In II Kings 18, we read of a king in Judah called Hezekiah. The scriptures tell us there was no one like him before or after him of those kings of Judah. In the first month of his reign, Hezekiah begins to restore Jehovah worship. He tears down idols and idolatrous places of worship. He stands up to overwhelming forces due to his steadfast faith in the Lord. What is it, though, that really made him such a great man? Why is it that the Bible tells us no king before or after him was greater?
Factors Working Against Him
It was not his father who made him great. His father Ahaz, recorded in II Kings 16, was very wicked. In II Kings 16, Ahaz engages in child sacrifice. He shuts up the temple of the Lord. He participates in excessive idolatry, and he leads the nation of Judah into those same practices. Hezekiah is not the product of his father. Still, remember II Timothy 1:5, Proverbs 3:1, and Ephesians 6:4. God does want us to set the proper examples for our children. He does care about the responsibilities of parenthood, but Ezekiel 18:20 reminds us that children can do well despite our parents. Hezekiah was great despite his upbringing.
Unfortunately, neither was Hezekiah great because of his family legacy. In II Kings 21, we read of Hezekiah’s son Manasseh, who rebuilds the idols, even placing alters to false gods in God’s temple. Manasseh restores child sacrifice to the land of Judah. Now Manasseh does repent in his old age, but his actions lead to deep personal loss on his own part. Hezekiah may have been a great king, but the legacy he left was far from great.
In II Kings 20, we see that pride does not make Hezekiah great while he shows off his great possessions to the Babylonian emissaries – people from that same nation that would eventually enslave Judah. Proverbs 16:18 reminds us that pride precedes a fall, and Hezekiah’s pride did not please his God.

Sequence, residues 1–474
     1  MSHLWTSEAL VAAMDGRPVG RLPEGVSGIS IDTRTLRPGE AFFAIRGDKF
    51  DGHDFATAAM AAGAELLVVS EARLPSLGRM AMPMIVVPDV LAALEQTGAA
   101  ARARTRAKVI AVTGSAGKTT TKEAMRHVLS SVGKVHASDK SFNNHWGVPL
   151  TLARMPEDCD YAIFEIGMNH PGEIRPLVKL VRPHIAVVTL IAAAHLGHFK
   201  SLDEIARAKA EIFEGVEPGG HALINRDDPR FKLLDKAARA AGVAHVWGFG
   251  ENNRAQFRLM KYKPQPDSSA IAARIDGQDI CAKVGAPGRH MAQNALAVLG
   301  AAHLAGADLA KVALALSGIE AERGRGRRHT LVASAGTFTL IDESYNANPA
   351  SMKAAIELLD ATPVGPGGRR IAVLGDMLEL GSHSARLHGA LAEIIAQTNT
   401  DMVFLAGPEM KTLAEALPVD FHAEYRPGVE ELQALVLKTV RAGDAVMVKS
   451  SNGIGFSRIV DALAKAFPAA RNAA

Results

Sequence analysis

Hezekiah’s Great Stature
Despite these things, we cannot discount II Kings 18:5.
…There was none like him among all the kings of Judah after him, nor among those who were before him.
Why? Because he sought God’s word first. II Chronicles 31:20-21 tells it all.
Thus Hezekiah did throughout all Judah, and he did what was good and right and faithful before the LORD his God. And every work that he undertook in the service of the house of God and in accordance with the law and the commandments, seeking his God, he did with all his heart, and prospered.
He may not have been the leader the people wanted, but he was the leader they needed. He spoke out against, and removed, evil. II Kings 18:4 records him purging idolatry from the nation, even idolatry introduced by his own father. In II Chronicles 31, we can read the details of his restoration of true Jehovah worship in Judah – to the point of inviting their rival brethren from the northern kingdom of Israel to that worship.
Hezekiah sought to know and do God’s word. He sought to restore true worship in the land and purge all forms of evil from among his people. Finally, II Kings 18:5 tells us that Hezekiah trusted in the Lord. In II Kings 19:14, when Hezekiah receives an ultimatum from an unstoppable enemy, we see the king abandon self, go to the temple, spread the letter out on the floor of the temple, and prayed.
That the same could be said of us! Could God claim about you or me, “There was none like him/her,” in our efforts to follow God’s word, in keeping evil from our lives, and in trusting Him in all things. Nothing can keep us from that standard – our upbringing, our culture, our flaws. We can be like Hezekiah, setting our hearts to serve the Lord. We may never be great in the world’s eyes, but we can be good and faithful servants to our Lord, great in His eyes.
lesson by Tim Smelser